It’s one thing to mislead the public. It’s another to lie to the FBI.
That fact alone opens a significant gap between the mishandling of government documents by both David Petraeus and Hillary Clinton.
In the first case, the FBI charged a decorated war hero with a crime. In the second, the agency’s director gave the presumptive Democratic presidential nominee a verbal lashing, but nothing more.
Charlotte residents have had a vested interest in the Petraeus case for almost four years – ever since he resigned as CIA director after his affair with his biographer, Charlotte author Paula Broadwell, became public. The FBI found classified information on Broadwell’s home computers, and the retired general came here last year to plead guilty to a misdemeanor charge of mishandling government documents.
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I’ve been covering the case for more than two years. Each time I write, the emails from readers roll in wondering when I’ll start reporting about Clinton with equal vigor.
Well, here goes.
Last week, FBI Director Jim Comey said his agency would not charge Clinton for using home computers to store emails and other documents while she was secretary of state. He strongly criticized Clinton and her aides for their carelessness, and he has made it clear that Clinton lied to the public about what she had done. But Comey concluded that based on what his agents found, “no reasonable prosecutor” would bring criminal charges.
Republican Donald Trump, Clinton’s rival for the White House, tweeted differently: “General Petraeus got in trouble for far less.”
Does Comey agree? “No, it’s the reverse,” he told a congressional committee Thursday.
Federal prosecutors say Petraeus and Broadwell shared “vast” amounts of classified records. But the case boiled down to eight black books Petraeus kept while he was the top military commander in Afghanistan and Iraq. Those books contained the identities of covert officers, war strategy, notes from National Security Council meetings, even Petraeus’ conversations with President Barack Obama.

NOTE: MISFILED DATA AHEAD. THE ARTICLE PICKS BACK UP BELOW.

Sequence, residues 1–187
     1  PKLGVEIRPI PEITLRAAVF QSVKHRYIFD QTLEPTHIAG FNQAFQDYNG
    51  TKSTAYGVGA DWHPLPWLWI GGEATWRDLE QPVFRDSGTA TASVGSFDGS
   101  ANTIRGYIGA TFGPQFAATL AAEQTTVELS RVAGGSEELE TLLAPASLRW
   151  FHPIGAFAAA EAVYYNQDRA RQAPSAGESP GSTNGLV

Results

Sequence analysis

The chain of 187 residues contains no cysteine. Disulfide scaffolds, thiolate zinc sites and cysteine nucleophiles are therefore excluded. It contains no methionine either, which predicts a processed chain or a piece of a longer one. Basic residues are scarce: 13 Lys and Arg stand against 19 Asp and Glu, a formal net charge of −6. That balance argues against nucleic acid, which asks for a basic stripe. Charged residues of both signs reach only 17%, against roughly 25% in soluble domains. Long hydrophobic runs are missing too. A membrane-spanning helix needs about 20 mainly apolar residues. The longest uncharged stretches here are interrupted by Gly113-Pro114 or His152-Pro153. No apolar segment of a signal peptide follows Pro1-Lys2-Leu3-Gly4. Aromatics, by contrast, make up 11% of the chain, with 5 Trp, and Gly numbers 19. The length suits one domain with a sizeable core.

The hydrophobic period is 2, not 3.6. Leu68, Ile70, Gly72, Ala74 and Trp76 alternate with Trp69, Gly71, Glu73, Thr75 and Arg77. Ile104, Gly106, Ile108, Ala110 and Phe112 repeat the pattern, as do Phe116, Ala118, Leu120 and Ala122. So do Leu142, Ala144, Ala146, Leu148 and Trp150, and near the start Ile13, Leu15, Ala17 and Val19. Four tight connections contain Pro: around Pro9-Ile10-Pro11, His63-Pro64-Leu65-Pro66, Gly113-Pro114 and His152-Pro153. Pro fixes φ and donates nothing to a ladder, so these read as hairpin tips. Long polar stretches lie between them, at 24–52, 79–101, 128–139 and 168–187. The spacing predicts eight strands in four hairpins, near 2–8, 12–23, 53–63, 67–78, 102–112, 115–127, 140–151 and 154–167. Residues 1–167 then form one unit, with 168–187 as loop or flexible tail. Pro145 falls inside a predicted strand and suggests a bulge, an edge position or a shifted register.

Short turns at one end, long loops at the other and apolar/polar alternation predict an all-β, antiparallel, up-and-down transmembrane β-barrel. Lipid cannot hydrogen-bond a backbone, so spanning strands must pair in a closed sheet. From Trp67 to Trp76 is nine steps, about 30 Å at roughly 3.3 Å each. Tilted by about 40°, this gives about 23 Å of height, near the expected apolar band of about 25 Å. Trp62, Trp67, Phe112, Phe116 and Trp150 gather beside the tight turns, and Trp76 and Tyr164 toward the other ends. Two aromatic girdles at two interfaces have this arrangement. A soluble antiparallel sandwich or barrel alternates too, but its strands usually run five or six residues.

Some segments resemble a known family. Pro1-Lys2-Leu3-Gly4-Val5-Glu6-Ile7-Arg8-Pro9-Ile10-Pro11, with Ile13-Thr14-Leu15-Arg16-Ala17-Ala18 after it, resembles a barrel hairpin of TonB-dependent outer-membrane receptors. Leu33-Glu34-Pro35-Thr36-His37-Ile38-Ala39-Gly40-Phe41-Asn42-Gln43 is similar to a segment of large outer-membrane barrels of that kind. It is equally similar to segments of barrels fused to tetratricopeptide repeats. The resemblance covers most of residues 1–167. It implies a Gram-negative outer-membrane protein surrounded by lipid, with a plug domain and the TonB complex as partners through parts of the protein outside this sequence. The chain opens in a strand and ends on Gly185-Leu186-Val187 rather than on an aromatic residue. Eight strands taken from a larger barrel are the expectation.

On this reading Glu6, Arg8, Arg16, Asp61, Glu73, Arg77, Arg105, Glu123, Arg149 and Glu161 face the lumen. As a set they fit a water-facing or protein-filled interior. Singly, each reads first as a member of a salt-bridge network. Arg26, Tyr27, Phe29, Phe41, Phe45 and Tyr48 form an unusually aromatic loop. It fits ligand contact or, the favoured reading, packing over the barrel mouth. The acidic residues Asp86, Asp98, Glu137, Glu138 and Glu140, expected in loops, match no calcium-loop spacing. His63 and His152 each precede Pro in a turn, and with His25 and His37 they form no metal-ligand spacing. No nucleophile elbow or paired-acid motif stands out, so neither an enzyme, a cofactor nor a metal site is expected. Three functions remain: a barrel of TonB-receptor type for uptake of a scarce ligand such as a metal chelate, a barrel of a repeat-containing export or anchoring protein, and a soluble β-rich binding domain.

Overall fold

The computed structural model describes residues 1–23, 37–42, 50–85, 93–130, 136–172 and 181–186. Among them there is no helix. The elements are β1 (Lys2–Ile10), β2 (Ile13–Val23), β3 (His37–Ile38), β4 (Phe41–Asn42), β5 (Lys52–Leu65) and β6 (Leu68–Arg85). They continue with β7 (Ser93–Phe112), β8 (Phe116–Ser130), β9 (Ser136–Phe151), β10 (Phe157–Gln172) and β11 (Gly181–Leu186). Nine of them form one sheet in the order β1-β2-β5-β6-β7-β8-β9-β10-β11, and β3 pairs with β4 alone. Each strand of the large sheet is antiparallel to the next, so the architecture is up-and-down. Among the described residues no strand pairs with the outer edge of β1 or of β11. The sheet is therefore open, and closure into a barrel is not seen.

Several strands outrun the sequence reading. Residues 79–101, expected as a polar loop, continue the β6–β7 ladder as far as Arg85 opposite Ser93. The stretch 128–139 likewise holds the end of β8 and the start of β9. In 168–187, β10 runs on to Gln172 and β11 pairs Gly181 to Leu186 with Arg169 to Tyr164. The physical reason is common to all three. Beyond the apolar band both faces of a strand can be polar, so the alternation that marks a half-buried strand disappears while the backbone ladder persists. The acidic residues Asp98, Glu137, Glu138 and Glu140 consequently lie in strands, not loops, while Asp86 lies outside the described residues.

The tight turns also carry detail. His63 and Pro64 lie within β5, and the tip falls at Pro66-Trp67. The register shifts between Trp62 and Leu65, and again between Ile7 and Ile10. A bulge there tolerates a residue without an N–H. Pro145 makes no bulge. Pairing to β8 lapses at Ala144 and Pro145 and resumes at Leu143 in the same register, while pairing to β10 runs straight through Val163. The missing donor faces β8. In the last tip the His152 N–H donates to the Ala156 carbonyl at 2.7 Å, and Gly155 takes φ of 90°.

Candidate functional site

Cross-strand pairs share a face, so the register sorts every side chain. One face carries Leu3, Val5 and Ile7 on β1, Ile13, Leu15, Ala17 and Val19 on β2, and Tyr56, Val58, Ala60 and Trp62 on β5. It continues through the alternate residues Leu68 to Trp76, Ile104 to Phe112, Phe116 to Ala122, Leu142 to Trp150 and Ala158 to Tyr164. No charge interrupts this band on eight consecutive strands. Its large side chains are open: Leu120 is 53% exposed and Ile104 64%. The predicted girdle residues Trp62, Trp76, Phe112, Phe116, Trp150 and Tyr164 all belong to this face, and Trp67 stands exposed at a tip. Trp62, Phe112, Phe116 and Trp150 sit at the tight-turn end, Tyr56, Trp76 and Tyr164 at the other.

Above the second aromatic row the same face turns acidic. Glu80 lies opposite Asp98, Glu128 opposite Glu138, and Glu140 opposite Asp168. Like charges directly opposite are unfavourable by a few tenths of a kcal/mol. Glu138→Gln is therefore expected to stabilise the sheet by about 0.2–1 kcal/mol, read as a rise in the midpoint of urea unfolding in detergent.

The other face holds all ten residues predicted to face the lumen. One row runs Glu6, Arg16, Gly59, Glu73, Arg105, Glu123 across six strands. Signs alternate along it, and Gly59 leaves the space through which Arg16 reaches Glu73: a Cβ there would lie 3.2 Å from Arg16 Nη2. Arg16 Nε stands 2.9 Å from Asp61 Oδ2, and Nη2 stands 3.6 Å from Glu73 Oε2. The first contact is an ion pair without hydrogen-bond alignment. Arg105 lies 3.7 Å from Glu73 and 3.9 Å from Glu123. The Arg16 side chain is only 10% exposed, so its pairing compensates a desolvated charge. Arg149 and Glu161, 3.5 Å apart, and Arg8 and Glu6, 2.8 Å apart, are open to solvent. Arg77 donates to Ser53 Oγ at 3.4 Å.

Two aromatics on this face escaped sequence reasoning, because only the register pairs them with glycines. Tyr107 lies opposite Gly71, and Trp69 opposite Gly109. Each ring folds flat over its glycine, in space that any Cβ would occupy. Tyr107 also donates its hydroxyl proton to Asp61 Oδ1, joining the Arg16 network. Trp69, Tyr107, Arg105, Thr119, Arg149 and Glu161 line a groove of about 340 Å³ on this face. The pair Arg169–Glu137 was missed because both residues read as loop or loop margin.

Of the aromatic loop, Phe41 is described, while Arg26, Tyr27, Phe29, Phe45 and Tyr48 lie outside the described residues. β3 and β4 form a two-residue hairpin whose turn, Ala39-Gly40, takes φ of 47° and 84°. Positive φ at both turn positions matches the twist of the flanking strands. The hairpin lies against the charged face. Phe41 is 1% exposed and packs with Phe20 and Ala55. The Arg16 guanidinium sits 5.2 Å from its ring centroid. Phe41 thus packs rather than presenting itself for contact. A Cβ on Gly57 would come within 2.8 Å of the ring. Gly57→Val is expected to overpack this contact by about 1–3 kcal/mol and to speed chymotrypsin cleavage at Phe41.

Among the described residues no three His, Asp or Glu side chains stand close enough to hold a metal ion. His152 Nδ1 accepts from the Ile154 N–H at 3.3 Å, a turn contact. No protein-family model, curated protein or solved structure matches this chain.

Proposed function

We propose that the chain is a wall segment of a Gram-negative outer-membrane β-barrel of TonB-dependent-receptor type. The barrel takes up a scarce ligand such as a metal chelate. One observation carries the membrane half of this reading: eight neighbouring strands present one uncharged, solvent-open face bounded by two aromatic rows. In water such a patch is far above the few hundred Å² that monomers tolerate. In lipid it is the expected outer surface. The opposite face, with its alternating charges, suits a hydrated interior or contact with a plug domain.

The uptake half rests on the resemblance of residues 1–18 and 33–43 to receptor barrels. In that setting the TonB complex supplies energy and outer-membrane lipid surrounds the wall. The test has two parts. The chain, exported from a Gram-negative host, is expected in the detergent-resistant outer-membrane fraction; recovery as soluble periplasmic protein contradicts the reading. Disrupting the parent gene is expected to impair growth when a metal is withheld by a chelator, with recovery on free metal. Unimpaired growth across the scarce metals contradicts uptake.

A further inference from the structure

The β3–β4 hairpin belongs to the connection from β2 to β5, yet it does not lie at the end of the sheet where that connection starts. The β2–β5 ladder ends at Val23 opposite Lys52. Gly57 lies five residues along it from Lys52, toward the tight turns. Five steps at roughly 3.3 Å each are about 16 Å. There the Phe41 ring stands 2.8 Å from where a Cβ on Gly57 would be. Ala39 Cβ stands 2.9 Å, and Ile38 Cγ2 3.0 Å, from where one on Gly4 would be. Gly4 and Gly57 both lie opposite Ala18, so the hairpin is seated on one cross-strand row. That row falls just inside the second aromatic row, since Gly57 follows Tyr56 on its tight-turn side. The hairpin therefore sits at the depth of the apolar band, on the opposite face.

He was supposed to turn the books over to the military when he left the Army. Instead, he kept them, and for five days in August 2011, he left them with Broadwell while she visited Washington, D.C.
When the FBI confronted Petraeus about the exchange of information with Broadwell, the soon-to-be ex-CIA director lied. Comey says his agents later found the black books in Petraeus’ home.
“So you have obstruction of justice, you have intentional misconduct and a vast quantity of information,” Comey told the congressional committee.
Mark Zaid, a Washington, D.C., attorney who specializes in government secrecy cases, said Petraeus’ decision to play fast and loose with the truth escalated the damage. “The worst thing you want to do is be perceived as lying to the FBI,” he says. “They take it really personally and they really come after you.”
In fact, some prosecutors and FBI agents in Charlotte wanted to charge Petraeus with the felony obstruction charge. Former Attorney General Eric Holder declined.
With Clinton, one of the key numbers is three – the total number of emails found on her home computers that were marked as classified, Comey says.
Clinton has other problems – misleading or inaccurate comments about never sending or receiving work emails on her personal account while exaggerating the steps she took to maintain security. And there is “no doubt,” Comey says, that an unknown number of government emails were deleted from her computers. Unlike Petraeus, however, there’s no indication Clinton shared the information with a third party, and she never lied to the FBI.
“You’re going to derail the Democratic nominee for president over this? No way,” Zaid says.
Clinton did lie to the public. But that’s now a matter for the voters to decide, not a grand jury.